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Different Types Of Roofing Materials For Different Climates

Published on September 30th, 2015

The area that you live in can have a great effect on the type of roofing you need to choose for your home. Not every roofing material should be chosen based on the price, aesthetic value or personal preference. You need to consider the fact that different climates require different types of roofing material to provide the best protection and comfort for you and your family and for your home.

We’ll show you the different roofing materials that are suitable for the different climates. They may be some overlaps, but follow along:

The Composite or Asphalt Shingle

Asphalt Shingles: Great for various types of homes throughout North America and Hold up well to weather conditions which include snow, heavy rain, small hail and moderate winds. They don’t stand up well to extremely heated and dry climates, because this may reduce their longevity by about 20 to 40 percent. They fare well in warm climates – you can choose shingles that are light in color and reflect heat.

Asphalt or composite shingles are, by far, the most common type of roofing material in use today. They are on virtually every new house, and they are also often used on older homes when new roofs are put on. They are inexpensive when compared to some other options, and they are durable. Many good brands of shingles have warranties of at least 10 years, and some of those warranties go up to 25 years or higher – which can be nice if it comes time to sell and the buyer’s inspection finds any issues that need fixing. With that in mind, this is usually the first option chosen. Many homeowners don’t even explore other options, because they feel this is the roofing for them. It’s what people are used to seeing on homes, too.

One of the advantages of asphalt shingles is their durability. They hold up very well, even in areas of the country where the climate can be difficult at times. They also come in a lot of different colors, so you won’t be stuck with a roof that is black or charcoal gray. You can choose among lighter grays, tans, browns, and some more unique colors, as well. These are all relatively neutral, but they’ll keep you from being trapped with a color you don’t like, or not having any choice in the matter. If you have siding that’s not a common color, you may want a roof that will go along with your color choices more easily, as well as remain durable.

Metal Roofing: These are a pretty good choice for all types of climate. Their longevity and durability can each up to about 50 to 100 years or more.

Having a metal roof is becoming more popular. It was avoided for some time because people worried about the noise it would create when it rained, but today’s metal roofing products tone that down considerably. It’s generally not noisy to live in a house with a metal roof and proper insulation, and these roofs can be very durable. They may not be right for every home, and some areas of the country where there is a lot of rainfall may not be the right locations for these roofs. While they are treated to reduce rusting, there is always the chance that rust will get started on them under the right conditions. Cost is also a factor.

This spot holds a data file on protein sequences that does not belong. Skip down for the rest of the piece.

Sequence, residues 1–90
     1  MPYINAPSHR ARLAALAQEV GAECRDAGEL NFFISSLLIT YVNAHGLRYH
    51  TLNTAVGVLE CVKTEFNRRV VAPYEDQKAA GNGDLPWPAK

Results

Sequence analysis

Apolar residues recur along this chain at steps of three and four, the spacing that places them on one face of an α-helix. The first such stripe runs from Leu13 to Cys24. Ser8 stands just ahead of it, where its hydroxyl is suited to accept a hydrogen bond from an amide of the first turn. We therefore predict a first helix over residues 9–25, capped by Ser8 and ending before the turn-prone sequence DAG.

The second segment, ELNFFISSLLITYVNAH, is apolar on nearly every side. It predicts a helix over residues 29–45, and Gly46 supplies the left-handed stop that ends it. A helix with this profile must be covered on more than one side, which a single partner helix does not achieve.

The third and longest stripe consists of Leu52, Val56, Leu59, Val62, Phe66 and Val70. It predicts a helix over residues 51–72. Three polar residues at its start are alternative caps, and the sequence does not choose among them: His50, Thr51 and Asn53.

Wood Shingles and Shakes: These natural and traditional roofing materials are not made for climates where there are constant high temperatures. The heat causes them to split or crack. Very rainy climates aren’t very good for them either, especially if they’re made from low quality materials, because they will be more likely to rot easily.

Clay or Slate Tile

Some homes, especially those of a more Spanish style or those that are located in the southwest, use clay or slate tiles. These tiles last for a long time and hold up against the heat, but they can have problems in extreme cold. They may crack, and that can lead to water leaks. Replacing them is not that difficult, but does take longer and cost more than replacing asphalt shingles. The cost to roof a home this way originally is also significantly higher than other options, so most people avoid this type of tile. Still, it’s very beautiful on the right home, and many people appreciate the detail and visual interest it can provide.

Slate: This roofing material is extraordinarily durable and it is great from almost all climate conditions. It stands up well under heavy rains and it is great for cooling down your home in warm weather.

Clay Tiles: This material does not stand up well to climates with heavy snow, ice or hail, but they are great for areas that experience heavy rains and consistent sunshine.

Discuss your concerns about your roofing materials with us – we can help you. If you’re in Nashville, you can contact us for all of your roofing needs. We are certified roofers in Nashville and we start with an inspection and a FREE estimate for your roof installation, repair, or replacement. Even when storms do their damage, we’re there for you to fix leaky roofs and more. Pick up the phone and call – we’re waiting!

Whether you need to put a new roof of the house you already have or you’re trying to decide on roofing material for a house you’re building, it’s important to get the components you want. That way you’ll not only like the way the house looks, but you’ll feel like you did your part to be sure that it seals up well and is safe for you to live in and enjoy. You want a roof that’s going to be durable and solid, one that will last for years, and one that looks good and fits in with the neighborhood. Fortunately, there are several types of roofing materials to choose from, so you can get one that meets your needs and your roofing budget.

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2183 Hillsboro Road, Suite 206, Franklin, TN 37069

(615) 266-2625

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